3. 3. 1. The economic downturn will end. I can promise you that … because it always does. 2. When the big public companies do emerge, that’s when the real race begins because success will ultimately be bestowed on the fittest … those who have been utilizing their time expanding their customer base and reassessing, restructuring and refining their businesses! We need to see today as “training camp.” Now is the time for small businesses to seize opportunities that normally don’t exist for us in a robust economy. For example: 1. Borrowing rates are down! Now is might be an excellent time to consider how you can expand your business … buy that new computer … maybe even buy that pesky competitor! 2. Put your business under a microscope and evaluate:  What hasn’t been working so well?  What do you know you need to do differently?  What are the ailments in your business that are preventing you from exceeding your customers’ expectations or expanding your customer base? Adrienne Zoble, marketing specialist, loves to debunk what is commonly known as conventional wisdom and show how it is rarely true wisdom. Major Business MYTH: Business is slow. Time to kill our marketing expenses! Oh no, you don’t. Cancelling organizational memberships and meeting attendance, trade shows, media advertising – these are just some examples of marketing conventional wisdom at its worst. When times are slow, it’s time to ratchet up, not decrease your marketing. This doesn’t mean you have to spend more. After all, in marketing it’s not what you spend, but how you spend it. It does mean, however, that you have to keep your company name in front of people. This is not the time to barricade yourself and your staffers in the office! One of the most important aspects of marketing is positioning – how you separate yourselves from your competition. Since the above “kill” reaction to a business slowdown is so prevalent, you’ll be standing out, merely by being “out there.” Engage a marketing consultant to help you with a simple Marketing Plan for the coming year. Take clients/customers to breakfast, lunch or coffee. Form alliances with those in related industries with whom you can refer back and forth. Pay attention to your vendors, who very often thank you with referrals, merely because you showed them respect and attention, not to mention prompt payment. Even when business slows down, someone is always buying something. It’s marketing’s job to ensure they buy from you! People can’t purchase from you, if you don’t have a presence. So stop panicking. Quit dropping prices. Try marketing the way we used to before technology became so prevalent and impersonal. Market face-to-face and voice-to-voice. What a concept! After all,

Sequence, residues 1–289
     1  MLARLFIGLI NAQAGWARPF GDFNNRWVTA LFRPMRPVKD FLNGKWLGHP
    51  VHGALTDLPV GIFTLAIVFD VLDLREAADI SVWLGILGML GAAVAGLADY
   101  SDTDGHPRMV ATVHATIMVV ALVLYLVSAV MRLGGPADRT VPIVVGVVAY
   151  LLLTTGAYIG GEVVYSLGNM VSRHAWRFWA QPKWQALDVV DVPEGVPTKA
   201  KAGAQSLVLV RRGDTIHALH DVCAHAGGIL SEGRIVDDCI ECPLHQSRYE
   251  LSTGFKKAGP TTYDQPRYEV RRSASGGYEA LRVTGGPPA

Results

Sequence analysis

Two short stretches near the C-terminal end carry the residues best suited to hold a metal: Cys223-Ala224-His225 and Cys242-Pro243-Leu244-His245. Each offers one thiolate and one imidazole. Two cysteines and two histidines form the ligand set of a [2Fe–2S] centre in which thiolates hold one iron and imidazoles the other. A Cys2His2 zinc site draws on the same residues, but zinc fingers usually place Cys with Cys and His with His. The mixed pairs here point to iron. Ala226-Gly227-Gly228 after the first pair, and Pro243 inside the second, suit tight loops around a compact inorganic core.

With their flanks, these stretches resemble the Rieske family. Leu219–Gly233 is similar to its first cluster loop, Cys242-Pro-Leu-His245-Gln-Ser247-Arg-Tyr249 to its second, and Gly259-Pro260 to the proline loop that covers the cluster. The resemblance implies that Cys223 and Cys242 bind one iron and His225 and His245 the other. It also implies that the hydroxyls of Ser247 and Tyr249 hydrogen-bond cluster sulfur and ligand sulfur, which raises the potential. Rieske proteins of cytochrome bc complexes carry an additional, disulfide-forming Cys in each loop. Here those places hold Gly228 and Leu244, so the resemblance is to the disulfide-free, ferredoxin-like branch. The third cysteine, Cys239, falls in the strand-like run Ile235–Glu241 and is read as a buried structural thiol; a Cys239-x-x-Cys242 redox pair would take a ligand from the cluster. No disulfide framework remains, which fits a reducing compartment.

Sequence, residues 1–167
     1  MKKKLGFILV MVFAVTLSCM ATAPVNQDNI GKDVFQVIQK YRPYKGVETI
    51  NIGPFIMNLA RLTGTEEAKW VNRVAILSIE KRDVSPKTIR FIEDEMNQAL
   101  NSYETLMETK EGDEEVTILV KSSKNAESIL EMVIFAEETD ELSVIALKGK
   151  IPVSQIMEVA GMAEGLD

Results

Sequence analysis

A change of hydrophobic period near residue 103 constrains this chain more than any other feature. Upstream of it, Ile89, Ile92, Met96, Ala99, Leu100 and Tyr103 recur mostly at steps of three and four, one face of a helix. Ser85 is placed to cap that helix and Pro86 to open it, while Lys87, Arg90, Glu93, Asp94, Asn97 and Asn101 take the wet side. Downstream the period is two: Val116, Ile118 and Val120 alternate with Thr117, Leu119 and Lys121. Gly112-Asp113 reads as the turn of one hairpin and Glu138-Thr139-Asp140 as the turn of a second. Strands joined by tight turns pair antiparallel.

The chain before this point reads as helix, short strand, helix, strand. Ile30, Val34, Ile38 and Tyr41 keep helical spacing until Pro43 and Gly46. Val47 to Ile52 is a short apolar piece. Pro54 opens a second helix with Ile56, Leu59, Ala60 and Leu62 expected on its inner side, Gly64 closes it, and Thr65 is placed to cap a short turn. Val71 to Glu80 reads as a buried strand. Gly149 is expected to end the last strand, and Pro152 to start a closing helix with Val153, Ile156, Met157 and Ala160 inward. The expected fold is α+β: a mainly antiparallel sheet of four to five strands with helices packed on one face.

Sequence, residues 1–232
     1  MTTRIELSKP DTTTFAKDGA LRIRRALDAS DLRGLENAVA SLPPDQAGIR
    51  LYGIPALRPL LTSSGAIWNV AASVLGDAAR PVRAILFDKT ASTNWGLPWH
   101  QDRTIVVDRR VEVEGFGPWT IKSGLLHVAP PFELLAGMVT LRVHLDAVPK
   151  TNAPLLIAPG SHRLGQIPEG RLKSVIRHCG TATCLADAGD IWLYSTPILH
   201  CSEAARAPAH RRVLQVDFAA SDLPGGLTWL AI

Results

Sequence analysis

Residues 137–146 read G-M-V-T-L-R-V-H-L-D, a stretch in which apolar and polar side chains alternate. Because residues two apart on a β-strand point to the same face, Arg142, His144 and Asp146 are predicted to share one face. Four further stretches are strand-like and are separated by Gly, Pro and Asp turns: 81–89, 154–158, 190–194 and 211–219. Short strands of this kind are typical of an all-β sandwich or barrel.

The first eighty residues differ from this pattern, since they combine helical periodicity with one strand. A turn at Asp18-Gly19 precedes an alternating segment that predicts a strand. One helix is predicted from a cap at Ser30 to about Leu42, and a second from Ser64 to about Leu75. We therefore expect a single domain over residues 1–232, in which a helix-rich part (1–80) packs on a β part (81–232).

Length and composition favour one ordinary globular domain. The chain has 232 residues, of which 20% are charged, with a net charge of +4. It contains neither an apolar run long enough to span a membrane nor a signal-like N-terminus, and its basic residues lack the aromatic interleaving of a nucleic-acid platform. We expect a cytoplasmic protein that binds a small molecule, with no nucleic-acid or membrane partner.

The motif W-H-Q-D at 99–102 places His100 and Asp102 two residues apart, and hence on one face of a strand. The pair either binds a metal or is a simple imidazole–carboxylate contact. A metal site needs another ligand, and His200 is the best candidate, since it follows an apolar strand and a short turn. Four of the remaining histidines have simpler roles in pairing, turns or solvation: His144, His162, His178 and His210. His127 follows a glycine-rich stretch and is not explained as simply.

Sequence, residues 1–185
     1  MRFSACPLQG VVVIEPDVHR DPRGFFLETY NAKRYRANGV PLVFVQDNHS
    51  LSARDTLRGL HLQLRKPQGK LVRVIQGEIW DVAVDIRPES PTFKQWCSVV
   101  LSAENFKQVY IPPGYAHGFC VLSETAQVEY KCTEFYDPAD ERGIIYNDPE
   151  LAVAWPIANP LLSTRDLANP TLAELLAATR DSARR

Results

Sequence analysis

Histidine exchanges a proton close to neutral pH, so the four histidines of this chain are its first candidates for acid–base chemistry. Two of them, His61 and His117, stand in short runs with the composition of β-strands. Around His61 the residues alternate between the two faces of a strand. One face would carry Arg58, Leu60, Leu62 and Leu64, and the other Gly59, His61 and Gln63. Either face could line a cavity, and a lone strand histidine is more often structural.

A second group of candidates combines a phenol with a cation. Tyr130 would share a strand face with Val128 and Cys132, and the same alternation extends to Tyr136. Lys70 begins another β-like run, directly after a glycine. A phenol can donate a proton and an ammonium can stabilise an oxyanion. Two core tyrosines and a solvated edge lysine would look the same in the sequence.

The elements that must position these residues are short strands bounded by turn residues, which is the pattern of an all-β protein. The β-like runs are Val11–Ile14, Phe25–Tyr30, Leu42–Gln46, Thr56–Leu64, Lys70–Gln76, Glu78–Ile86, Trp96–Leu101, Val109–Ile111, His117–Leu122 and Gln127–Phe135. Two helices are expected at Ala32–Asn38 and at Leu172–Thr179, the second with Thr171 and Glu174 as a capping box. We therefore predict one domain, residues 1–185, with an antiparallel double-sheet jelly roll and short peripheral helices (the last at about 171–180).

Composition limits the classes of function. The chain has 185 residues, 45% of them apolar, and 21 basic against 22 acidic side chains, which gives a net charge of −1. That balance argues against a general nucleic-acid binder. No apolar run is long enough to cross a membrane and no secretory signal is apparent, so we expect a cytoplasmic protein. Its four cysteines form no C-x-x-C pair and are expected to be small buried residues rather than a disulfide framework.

4. 4. marketing is emotional, not logical. People buy from those in whom they have confidence, with whom they feel comfortable, from those they trust. Today in marketing the personal approach is in. Build relationships and watch your sales, referrals and additional business from existing clients multiply. Addressing and answering these NOW will ensure that you’re ready to compete in the turnaround. Sandra Yancey: We can never forget that when it comes to business, there’s no business like your own business … and small businesses are the backbone of this nation! We don’t have to get burdened by the drudgery it takes to re-vamp and re-shape a huge corporation. They are like cruise ships; it takes time, energy and more time and more energy to turn these boats around! No wonder it takes them so long! We, on the other hand, have the luxury of operating more like speed boats! Now is the time to take advantage of the fact that we can make swift changes that move us quickly and confidently. If we maximize this precious time we have now, when the economy turns around and the flood gates open, we will be the strong, the agile, the flexible, the focused, the leaders who will leave those that have been hibernating in the dust. The weak won’t make it … but remember what I said earlier … don’t believe what you see … we’ve been called the “weaker sex” for far too long. We know better … so let’s get busy and go, grow and GLOW together! Compiled by Saralyn Collins, Director of Training and Development for eWomenNetwork, from documents written by Robert Middleton, top international marketing guru, , Adrienne Zoble, eWomenNetwork member and marketing consultant, and Sandra Yancey, Founder and CEO of eWomenNetwork, the number 1 resource for connecting and promoting women and their business – worldwide!